Christmas comes early for seven Northern Ireland churches
Published: Thursday, December 17, 2020
Seven much-loved Northern Ireland churches are to share £30,000 of funding from the National Churches Trust.
This is as part of the Treasure Ireland project funded by The National Lottery Heritage Fund, the Pilgrim Trust and the Department for Communities. The Wolfson Foundation has contributed a further £5,000 to the grants in this round.
Claire Walker, Chief Executive Officer of the National Churches Trust said: “Northern Ireland’s historic churches and chapels play a vital part in its national heritage and have done so much to help local people during the COVID-19 lockdown. But to survive, many need to carry out urgent repairs and install modern facilities. The cost of this work is far beyond what most congregations can pay for themselves.”
“So, I’m delighted that the Treasure Ireland project is able to support seven churches and chapels, funding that will help secure the future of these historic buildings.”
Paul Mullan, Director, Northern Ireland, The National Lottery Heritage Fund, added: “We’re delighted to support these seven churches to carry out urgent repairs and help preserve the heritage of these historic buildings. We’re grateful to National Lottery players for making it possible and ensuring they are able to continue engaging with a wide range of audiences.”
St Macartans (Forth Chapel), Augher
Located in rural south Ulster, the chapel of St Macartans has been awarded a grant of £7,500 for repairs to deteriorating timber window frames that support stained glass created by Joshua Clarke Studios and dating from 1922. An additional grant of £2,500 from the Wolfson Foundation has enhanced the award.
St Macartans is a nationally important historic building, constructed between 1838-46. The Chapel is dedicated to St. Macartan (d. 506) who is believed to have established a monastery at Clogher at the direction of St. Patrick. The chapel was built on the site of an early Irish hill fort.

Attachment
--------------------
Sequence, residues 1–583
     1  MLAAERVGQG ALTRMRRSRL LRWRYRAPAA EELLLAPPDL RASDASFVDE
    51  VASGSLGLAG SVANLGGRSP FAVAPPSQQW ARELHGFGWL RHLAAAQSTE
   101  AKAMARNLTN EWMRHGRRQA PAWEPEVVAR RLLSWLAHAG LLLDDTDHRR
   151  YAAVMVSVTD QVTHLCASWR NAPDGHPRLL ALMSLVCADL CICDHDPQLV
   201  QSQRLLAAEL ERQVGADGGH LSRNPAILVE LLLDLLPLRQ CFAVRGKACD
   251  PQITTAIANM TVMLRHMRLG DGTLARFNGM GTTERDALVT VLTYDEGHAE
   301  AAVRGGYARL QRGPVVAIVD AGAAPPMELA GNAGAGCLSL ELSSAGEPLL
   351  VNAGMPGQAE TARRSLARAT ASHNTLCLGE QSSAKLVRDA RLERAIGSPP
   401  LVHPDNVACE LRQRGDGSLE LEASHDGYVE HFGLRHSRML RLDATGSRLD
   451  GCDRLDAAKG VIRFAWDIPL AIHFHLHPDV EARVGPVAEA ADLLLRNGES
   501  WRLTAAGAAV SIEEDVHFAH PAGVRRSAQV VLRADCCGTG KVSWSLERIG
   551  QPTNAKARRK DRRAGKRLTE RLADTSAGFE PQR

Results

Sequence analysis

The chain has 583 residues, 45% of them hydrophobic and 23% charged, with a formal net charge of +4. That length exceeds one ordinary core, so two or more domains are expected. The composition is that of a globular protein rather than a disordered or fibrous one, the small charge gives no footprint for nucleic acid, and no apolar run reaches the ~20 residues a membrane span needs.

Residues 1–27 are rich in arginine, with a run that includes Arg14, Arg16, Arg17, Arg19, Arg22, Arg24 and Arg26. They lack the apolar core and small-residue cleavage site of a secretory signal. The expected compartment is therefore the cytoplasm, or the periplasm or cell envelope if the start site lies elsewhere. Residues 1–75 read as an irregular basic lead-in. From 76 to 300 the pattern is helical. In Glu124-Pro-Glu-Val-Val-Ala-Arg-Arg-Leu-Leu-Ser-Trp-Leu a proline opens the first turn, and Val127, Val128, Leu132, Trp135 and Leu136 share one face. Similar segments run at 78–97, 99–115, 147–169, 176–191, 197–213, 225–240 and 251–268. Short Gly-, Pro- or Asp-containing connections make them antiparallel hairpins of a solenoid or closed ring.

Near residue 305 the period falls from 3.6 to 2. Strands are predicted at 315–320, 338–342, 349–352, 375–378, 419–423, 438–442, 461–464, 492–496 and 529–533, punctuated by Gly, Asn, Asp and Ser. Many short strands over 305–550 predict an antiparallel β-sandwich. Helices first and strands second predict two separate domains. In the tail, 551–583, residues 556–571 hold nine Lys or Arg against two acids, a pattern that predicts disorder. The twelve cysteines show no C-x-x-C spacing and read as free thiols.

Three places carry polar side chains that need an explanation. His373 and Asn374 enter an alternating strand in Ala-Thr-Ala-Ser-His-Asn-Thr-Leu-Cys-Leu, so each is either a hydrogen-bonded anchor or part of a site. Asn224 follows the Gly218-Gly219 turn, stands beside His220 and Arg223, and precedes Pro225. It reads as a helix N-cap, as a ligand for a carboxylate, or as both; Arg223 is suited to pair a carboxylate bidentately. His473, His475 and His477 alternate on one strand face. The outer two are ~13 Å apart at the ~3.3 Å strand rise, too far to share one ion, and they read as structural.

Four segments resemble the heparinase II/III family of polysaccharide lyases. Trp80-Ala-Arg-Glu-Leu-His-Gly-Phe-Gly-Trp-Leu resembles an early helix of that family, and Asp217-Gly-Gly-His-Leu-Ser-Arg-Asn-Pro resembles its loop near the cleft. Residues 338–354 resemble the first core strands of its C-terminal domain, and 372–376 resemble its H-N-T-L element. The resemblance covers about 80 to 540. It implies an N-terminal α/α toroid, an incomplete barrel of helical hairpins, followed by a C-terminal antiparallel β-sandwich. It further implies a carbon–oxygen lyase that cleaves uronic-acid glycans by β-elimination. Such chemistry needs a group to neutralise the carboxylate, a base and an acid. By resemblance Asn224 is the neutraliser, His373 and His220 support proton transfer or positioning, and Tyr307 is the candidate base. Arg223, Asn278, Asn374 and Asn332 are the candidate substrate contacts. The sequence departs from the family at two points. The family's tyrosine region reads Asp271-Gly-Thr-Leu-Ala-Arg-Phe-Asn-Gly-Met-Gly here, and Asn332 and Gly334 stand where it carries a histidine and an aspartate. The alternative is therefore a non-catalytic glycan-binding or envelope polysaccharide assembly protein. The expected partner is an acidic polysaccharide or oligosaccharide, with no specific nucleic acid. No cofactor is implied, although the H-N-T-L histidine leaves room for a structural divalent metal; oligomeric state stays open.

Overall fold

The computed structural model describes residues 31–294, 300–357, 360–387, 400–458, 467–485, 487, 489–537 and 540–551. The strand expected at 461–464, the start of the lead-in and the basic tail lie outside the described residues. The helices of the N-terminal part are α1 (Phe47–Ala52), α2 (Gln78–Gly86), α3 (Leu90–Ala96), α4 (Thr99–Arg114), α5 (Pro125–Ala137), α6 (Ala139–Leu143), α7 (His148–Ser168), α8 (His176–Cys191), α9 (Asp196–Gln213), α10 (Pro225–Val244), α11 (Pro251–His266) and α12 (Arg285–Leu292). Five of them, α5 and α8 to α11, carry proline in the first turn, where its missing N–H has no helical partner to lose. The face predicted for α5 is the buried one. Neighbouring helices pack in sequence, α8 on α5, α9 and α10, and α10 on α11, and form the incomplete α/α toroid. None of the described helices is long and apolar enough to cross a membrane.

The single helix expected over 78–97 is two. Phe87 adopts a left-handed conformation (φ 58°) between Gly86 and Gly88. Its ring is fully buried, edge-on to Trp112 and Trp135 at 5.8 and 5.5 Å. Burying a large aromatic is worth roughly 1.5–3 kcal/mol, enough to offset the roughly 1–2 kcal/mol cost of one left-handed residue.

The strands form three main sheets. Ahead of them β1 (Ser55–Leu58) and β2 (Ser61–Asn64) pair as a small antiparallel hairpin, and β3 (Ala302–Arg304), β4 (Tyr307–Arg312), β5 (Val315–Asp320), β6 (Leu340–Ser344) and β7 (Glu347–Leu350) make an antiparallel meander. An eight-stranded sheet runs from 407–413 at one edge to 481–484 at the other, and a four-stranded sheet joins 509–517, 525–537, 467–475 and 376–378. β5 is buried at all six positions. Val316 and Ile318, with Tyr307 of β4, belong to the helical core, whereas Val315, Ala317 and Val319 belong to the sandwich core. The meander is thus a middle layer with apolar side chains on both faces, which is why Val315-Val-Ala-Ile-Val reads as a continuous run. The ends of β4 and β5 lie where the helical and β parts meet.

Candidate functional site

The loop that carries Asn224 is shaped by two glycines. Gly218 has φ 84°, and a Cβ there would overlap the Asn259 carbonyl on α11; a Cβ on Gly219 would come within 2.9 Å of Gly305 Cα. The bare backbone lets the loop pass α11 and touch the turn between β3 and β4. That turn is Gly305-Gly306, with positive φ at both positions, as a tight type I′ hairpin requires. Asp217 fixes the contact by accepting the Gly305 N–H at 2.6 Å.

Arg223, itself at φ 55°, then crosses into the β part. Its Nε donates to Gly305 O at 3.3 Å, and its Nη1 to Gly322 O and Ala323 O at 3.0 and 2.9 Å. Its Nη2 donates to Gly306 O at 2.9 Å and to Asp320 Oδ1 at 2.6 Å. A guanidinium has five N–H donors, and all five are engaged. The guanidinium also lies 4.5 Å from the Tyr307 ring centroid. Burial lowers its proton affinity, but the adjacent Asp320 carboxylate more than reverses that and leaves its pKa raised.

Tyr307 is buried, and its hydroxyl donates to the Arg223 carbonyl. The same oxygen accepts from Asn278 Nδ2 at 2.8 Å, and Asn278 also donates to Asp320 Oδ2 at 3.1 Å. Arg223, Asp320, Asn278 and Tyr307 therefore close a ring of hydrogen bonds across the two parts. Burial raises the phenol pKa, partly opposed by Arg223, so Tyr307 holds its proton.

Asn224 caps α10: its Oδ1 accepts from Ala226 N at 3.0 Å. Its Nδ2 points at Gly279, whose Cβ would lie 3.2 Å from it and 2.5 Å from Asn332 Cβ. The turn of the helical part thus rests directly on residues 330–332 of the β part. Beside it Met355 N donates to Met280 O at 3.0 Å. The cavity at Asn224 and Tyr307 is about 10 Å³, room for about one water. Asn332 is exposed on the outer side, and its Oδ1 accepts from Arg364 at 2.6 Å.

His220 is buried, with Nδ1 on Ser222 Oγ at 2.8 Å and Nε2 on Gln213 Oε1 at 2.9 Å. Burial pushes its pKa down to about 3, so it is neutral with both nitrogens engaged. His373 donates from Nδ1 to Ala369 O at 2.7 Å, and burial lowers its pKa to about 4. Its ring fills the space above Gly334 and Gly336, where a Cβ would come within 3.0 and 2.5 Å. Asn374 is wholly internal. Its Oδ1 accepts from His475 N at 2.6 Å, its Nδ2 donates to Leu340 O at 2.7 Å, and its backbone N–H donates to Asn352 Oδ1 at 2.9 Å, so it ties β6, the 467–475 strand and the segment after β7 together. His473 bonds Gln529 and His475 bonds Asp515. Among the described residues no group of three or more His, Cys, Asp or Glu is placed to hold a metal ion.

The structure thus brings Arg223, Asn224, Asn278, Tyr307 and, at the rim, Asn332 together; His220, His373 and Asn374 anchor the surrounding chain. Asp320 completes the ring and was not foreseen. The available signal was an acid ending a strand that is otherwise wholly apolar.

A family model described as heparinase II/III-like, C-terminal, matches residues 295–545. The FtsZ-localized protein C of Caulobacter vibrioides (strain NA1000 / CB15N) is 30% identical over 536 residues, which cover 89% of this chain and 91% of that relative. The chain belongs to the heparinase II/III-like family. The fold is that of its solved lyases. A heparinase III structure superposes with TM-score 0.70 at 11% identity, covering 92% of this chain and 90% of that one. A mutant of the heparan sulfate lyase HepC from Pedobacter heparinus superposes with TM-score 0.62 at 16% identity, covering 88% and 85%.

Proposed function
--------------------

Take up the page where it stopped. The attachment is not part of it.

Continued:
St Peter, Belfast
St Peter’s receives £2,825 for repairs to remove cement mortar and replace with lime mortar and repairs to sandstone window surrounds.
St Peter’s is a well-preserved Gothic-Revival church built at the very end of the 19th century and furnished to a very high standard. In the following decades, the church was described as “a slice of a cathedral”, and having “an appearance and dignity such as is rarely met with in our local ecclesiastical structures.”
Clanabogan Parish Church
The Anglican church is in a rural location just outside Omagh. It receives a grant of £3,406 to repoint the Chanel gable exterior wall with lime mortar to counter the effects of damp seeping through the walls.
Clanabogan Parish Church is over 150 years old, having been built in 1863 in a Gothic Revival style. Inside the church unique features including memorials, ornately detailed marble and mosaic tiles.
Newtownbreda Baptist Church
Newtownbreda Baptist Church is a modern place of worship in Belfast dating from the late 1970’s. The church receives a grant of £1,547 for repairs to the rainwater goods.
The main church was constructed back in 1979 to serve the local Breda community. Relatively modern in design, the original building consisted of a main auditorium with foyer and office space.
St Patrick, Gortin Village, Omagh
Gortin is a picturesque rural village located in the heart of the Sperrin Mountains, County Tyrone. St Patrick’s receives a grant of £2,500 for repairs to lead and parapet wall, the replacement of roof slates and the cleaning of guttering and down pipes.
St Patrick Catholic Church is a double-height Gothic Revival church, dating from 1898. The church is cruciform-on-plan consisting of central nave, north and south transepts.
The Church of the Immaculate Conception, Strabane
This iconic Strabane building, dating from the 19th century, receives a grant of £7,500 for essential repairs to the stonework surrounding the main door. An additional grant of £2,500 from the Wolfson Foundation enhances the award.
The church, completed in 1895, is gothic in style resembling 13th century French design, in the shape of a cross and built of rough sandstone and schist drawn from a quarry in the Curley Hill area of the town. The church has cathedral dimensions measuring 145 feet long by 79 feet at the transept, 60 feet at the nave. The church features a stunning trussed roof with decorative arches and internal mosaics and the main door, made of heavy pine panels, provides a very impressive entrance.
Waringstown Presbyterian Church
Waringstown Presbyterian Church receives a grant of £4,722 for window repairs to stop water ingress.
Presbyterians have worshipped together in Waringstown since 1846. The current church building was built and opened in 1853. It was designed by the famous Irish architect Sir Charles Lanyon, who designed some of Ulster’s most iconic buildings including the main building at Queen’s University Belfast. Lanyon's design was highly original for a Presbyterian church, being a building of two sharply contrasting parts. The main hall of the church is of simple classical proportions and is constructed of blackstone with brick detailing and a slate roof. The interior and entrance facade with its twin flanking campanile towers, however, are in Florentine Renaissance style. It has rounded Roman arches and a pillared portico.